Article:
The traditional material for wallets is leather or fabric, but many other flexible flat sheet materials can be used in their fabrication. Non-woven textiles such as Tyvek are used, sometimes including reuse of waterproof maps printed on that material. Woven metals, such as fine mesh made of copper or stainless steel have been incorporated into wallets that are promoted as having electromagnetic shielding properties to protect against unauthorized scanning of embedded NFC & RFID tags. Do-it-yourself websites such as Instructables feature many projects for making wallets out of materials such as denim, Kevlar, or duct tape.

Regional differences

A Japanese wallet with a coin purse
A Japanese wallet with a coin purse

Some wallets, particularly in Europe where larger value coins are prevalent, contain a coin purse compartment. Some wallets have built-in clasps or bands to keep them closed. As European banknotes, such as euros and pounds, are typically larger than American banknotes in size, they do not fit in some smaller American wallets.

Metaphorical usage

A poster seeking innovative suggestions tells readers "An Idea May Mean Wealth In Your Wallet".
A poster seeking innovative suggestions tells readers "An Idea May Mean Wealth In Your Wallet".

There term wallet is also used synecdochically to refer to an individual's overall personal budget. One of the definitions of "syndecdoche", by Sasse, uses a wallet reference as an example of the meaning of the term ("an abbreviated speech in which the containing vessel is mentioned instead of its contents"), such as when a person holds up their wallet to a person asking for money, while saying "here is $100".[8] A wallet is also used as an example in a definition for the related rhetorical device of metonymy ("using a vaguely suggestive, physical object to embody a more general idea"): "If we cannot strike offenders in the heart, let us strike them in the wallet."[9]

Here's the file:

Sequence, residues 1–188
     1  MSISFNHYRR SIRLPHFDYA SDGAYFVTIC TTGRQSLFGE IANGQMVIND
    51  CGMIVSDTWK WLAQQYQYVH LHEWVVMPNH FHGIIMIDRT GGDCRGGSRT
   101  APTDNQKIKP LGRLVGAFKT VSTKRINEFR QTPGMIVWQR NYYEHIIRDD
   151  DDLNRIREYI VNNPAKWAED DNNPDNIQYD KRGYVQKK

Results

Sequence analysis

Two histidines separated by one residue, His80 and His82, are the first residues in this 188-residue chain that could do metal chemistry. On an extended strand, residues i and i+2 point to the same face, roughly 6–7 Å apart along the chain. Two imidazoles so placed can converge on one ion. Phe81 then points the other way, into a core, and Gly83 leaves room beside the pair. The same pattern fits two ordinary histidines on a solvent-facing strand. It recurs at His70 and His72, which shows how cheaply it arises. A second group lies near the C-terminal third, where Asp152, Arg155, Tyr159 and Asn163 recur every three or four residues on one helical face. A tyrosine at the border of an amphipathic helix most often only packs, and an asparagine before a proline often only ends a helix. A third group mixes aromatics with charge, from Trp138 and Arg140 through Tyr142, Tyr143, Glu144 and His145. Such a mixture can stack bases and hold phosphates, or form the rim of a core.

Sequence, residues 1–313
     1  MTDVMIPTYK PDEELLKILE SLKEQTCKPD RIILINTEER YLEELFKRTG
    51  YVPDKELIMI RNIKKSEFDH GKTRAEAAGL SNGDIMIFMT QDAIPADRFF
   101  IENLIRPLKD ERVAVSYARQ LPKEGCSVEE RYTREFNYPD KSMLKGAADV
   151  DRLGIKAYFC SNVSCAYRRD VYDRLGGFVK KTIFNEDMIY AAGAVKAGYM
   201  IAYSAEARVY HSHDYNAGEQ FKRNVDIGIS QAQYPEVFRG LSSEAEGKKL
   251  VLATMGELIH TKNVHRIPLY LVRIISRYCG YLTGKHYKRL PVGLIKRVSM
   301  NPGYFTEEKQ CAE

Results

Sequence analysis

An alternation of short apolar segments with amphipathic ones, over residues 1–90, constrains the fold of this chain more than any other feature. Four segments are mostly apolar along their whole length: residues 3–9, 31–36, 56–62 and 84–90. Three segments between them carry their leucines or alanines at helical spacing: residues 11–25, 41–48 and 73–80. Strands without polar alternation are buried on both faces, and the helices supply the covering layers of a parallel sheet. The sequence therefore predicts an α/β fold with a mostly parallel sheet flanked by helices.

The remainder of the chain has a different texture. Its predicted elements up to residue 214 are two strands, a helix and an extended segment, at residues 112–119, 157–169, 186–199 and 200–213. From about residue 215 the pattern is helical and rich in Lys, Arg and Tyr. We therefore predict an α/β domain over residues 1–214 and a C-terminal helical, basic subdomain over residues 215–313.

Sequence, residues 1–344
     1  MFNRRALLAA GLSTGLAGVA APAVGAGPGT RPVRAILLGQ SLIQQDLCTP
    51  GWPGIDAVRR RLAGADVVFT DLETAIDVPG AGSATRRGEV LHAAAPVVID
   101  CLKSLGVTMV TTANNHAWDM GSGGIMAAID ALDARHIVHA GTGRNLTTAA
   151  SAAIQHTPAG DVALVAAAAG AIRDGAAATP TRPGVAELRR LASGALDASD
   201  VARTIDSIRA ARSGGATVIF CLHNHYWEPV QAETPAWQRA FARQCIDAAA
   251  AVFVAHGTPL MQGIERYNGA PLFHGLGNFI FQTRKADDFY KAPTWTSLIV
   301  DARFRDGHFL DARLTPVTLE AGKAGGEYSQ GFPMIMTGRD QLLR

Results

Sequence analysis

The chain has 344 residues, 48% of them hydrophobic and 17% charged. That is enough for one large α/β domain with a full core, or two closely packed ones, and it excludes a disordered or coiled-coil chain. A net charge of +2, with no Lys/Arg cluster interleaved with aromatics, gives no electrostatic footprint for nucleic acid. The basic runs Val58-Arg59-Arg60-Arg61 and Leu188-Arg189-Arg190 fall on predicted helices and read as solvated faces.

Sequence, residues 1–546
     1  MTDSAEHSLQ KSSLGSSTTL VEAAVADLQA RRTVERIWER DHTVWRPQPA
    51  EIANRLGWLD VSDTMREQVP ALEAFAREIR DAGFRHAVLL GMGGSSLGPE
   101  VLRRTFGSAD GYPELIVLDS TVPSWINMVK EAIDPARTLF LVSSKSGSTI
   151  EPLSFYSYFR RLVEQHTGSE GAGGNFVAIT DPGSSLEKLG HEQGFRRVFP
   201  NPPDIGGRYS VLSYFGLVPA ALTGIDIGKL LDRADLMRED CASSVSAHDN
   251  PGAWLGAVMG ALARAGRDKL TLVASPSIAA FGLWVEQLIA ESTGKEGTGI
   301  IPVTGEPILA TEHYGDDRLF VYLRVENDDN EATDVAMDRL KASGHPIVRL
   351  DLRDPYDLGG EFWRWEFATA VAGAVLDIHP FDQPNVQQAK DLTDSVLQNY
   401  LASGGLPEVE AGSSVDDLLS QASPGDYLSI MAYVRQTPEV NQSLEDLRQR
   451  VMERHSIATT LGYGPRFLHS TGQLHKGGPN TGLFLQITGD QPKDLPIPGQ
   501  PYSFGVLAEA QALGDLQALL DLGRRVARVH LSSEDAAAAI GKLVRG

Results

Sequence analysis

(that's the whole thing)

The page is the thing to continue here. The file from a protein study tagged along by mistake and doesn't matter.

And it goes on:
See also


  1. ^ a b "Online Etymology Dictionary entry for "wallet"". Archived from the original on 2007-12-24. Retrieved 2007-09-06.
  2. ^ "CTCWeb Glossary: K". Archived from the original on 2011-07-12. Retrieved 2007-09-06.
  3. ^ Apollodorus (1921). "Perseus". In Frazer, James G (ed.). Bibliotheca (Pseudo-Apollodorus). Vol. 2. London: W. Heinemann.
  4. ^ Campbell, A. Y. (April 1931). "The Boy, the Grapes, and the Foxes". The Classical Quarterly. 25 (2): 91. doi:10.1017/S0009838800013501. JSTOR 637006.
  5. ^ Wroth, Lawrence C. (August 1954). "An Elizabethan Merchant and Man of Letters". Huntington Library Quarterly. 17 (4): 301–302. doi:10.2307/3816498. JSTOR 3816498.
  6. ^ Mason, Otis T. (January 1889). "The Beginnings of the Carrying Industry". American Anthropologist. A2 (1): 21–46. doi:10.1525/aa.1889.2.1.02a00030.
  7. ^ Cushing, Caroline E. W. (1832). "Letter XIV". Letters: Descriptive of Public Monuments, Scenery & Manners in France & Spain. Vol. 2. Newburyport, MA: Allen. OCLC 8401193. Archived from the original on 2017-05-07.
  8. ^ Robert Kolb, Irene Dingel, and Lubomír Batka. The Oxford Handbook of Martin Luther's Theology. OUP Oxford, 2014. p. 328
  9. ^ "Tropes". /web.cn.edu. Dr. Wheeler. Retrieved 3 April 2020.